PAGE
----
Before my life in Manhattan, I’d lived in houses for almost a decade. Along with home ownership came the obvious repairs and improvements, which were daunting and costly. Every night or weekend was dedicated to a new or ongoing project, which often left little free time.
After five years as a New Yorker, I struggle to remember those exhausting weekends playing house. No more weed-pulling, leaf-raking, touch-up painting or managing contractors on Saturdays and Sundays. My weekends in the City That Never Sleeps are filled with as much sleep as needed. Relaxation, park visits and other fun-filled activities like Broadway and sidewalk wine sipping have replaced the drudgery.
My first apartment in New York was in a hi-rise tower with more than 200 units and a building staff larger than some companies I’d worked for. I learned the way that life happens here, and I adjusted quickly. From checking my 3x6 inch mail slot daily, to tipping out doormen during the holiday season, for the first few years, I felt like I was visiting Mars, or living in fiction.
I learned quickly that Michael and I no longer ruled the roost. All at once, a team of people existed and became part of our daily routines. I found myself in communication with a management company who left weekly notices under my door, a board of directors who decided on the repairs and handled the finances of the co-op, several doormen standing guard, maintenance men, porters, and of course the guy who keeps it all under control while barely breaking a sweat: THE SUPER.
Probably millions of New Yorkers can vouch for the importance of great super when living in New York City. The superintendent keeps the halls and common spaces clean, shovels the ice and snow, and maintains the systems and the landscaping. Supers will walk your dog, feed your cat, eliminate creepy crawly things, and reluctantly listen to your problems. An honest, organized, highly capable super makes life in the Big Apple more bearable. The super is the king of kings, the head honcho, the big mahoff.
My super travels from apartment to apartment Monday through Friday, handling everything from minor tasks to emergencies. In three years of living here, I’ve yet to see him frazzled, and that includes the threat of Hurricane Irene knocking on our door last summer.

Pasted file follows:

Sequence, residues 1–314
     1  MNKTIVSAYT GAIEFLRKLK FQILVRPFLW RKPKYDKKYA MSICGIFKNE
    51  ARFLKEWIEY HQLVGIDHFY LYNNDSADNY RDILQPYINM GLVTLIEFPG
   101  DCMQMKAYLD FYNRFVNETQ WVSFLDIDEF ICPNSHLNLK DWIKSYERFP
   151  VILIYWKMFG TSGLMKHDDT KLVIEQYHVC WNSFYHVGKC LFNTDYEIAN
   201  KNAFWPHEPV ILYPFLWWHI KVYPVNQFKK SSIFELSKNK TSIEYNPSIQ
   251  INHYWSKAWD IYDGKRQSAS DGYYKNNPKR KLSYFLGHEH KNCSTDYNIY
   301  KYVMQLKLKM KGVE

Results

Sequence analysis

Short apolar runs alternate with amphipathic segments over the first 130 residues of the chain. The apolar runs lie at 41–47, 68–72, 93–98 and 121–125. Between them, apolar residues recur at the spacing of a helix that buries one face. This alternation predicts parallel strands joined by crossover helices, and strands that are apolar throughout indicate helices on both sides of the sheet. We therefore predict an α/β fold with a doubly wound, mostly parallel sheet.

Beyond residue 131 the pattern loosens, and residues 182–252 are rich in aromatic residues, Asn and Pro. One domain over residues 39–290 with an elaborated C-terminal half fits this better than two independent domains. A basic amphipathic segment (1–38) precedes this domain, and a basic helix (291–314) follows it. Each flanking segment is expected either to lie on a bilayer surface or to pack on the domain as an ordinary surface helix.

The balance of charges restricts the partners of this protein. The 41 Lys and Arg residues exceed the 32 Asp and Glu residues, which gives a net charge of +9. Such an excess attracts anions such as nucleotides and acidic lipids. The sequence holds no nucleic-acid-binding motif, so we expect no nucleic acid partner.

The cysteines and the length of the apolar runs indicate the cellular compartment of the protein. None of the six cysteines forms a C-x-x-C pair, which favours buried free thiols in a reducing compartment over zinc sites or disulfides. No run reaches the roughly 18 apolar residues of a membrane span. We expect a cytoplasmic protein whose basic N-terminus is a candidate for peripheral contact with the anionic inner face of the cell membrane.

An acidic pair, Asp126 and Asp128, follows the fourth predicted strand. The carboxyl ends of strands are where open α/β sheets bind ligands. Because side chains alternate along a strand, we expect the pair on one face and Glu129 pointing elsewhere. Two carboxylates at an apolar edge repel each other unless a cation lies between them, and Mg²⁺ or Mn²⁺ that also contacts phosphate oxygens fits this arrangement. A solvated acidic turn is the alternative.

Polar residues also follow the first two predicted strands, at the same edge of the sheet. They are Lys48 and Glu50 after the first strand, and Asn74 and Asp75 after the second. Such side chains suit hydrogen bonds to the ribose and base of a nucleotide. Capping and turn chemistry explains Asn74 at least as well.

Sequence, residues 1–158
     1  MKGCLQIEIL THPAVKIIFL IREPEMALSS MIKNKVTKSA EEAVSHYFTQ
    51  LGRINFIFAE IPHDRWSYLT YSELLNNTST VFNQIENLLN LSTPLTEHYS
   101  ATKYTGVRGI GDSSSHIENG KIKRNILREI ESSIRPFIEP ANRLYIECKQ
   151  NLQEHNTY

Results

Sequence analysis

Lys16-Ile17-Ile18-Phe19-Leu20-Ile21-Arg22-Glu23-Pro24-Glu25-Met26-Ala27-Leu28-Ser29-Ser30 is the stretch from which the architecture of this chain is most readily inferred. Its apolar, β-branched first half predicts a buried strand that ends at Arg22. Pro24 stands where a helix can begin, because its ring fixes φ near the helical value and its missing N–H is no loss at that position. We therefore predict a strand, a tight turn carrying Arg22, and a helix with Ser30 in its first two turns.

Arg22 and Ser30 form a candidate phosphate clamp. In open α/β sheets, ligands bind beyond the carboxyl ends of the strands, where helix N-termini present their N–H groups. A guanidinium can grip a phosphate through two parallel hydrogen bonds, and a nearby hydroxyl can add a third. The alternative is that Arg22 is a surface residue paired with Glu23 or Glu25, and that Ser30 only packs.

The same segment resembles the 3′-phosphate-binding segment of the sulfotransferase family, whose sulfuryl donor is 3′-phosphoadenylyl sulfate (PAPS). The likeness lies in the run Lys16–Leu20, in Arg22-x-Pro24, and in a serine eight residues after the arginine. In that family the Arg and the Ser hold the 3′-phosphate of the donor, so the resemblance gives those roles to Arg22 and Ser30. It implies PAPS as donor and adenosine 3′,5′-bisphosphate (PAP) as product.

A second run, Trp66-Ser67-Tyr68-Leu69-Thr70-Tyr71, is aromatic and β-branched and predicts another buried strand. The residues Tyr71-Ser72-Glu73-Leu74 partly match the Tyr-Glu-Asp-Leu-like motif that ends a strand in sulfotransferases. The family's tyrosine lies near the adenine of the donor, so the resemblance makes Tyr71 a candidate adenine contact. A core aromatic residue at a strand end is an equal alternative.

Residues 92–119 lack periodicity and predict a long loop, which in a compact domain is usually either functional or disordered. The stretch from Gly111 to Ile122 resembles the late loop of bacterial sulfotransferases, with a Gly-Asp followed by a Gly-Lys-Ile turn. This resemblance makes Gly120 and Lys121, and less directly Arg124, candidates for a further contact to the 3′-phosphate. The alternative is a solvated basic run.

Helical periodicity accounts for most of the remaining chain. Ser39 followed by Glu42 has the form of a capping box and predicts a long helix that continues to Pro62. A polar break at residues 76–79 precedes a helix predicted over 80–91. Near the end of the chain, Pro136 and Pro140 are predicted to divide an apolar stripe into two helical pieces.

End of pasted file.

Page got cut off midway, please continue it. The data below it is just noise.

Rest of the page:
Late last night after Michael left town, the bathroom sink stopped draining and started leaking underneath. At midnight, I yanked everything out from under the vanity, dried up the mess, and brushed my teeth in the kitchen. If this plumbing debacle had occurred just a day earlier, Mikey Fix-It Kaler would’ve been able to step in with his tool pouch and take care of business, but timing wasn’t on my side. I needed to figure this out, and fast. Married to a handyman for a decade plus had eliminated even the slightest home improvement challenges. I’d become spoiled.
“It's the "P-trap. You’ll need to call Julio in the morning.” No sound of concern came from the other end of the phone line and he insisted it was an easy fix. Julio is our super, and he’s saved the day on numerous occasions. Surely, he could end the leak and get the water running downhill again.
But I had just one question, “What in the H is a P-trap?” Since it was a little too late at midnight for plumbing 101, I figured I’d ask another time.
Julio is a super extraordinaire. He’s much more than a building manager. I like to call him ‘Superman’. Calm, cool, and collected, he enters the apartment each time with his handy toolbox and mechanical contraptions. Within thirty minutes, all is back to normal for as normal as a 100-year-old apartment can be. Then he packs up and is off to another residence to save someone else’s day and often prevent catastrophe. On top of his knowledge and efficiency, I am impressed that he never gets dirty.
Julio came by this morning with his bag of tricks and gadgets, and made the repair in twenty minutes. It was probably elementary for a jack-of-all-trades or a handyman with a wrench, but not for someone like me whose biggest tool is a flatiron. Obviously, I slept through mechanical systems class in interior design school. I don’t know a P-trap from a mousetrap and I have zero contractor skills, but what I lack in plumbing and electrical abilities, I make up for in decorating.
When my husband returns from his trip, I want a lesson in plumbing basics. No worries, I’m not going to attempt to play house again like the old days before life in Manhattan. I’ll leave the playing and the fixing to Julio. My Superman knows best.
For more city stories, follow me on Twitter, or on Tracy’s New York Life.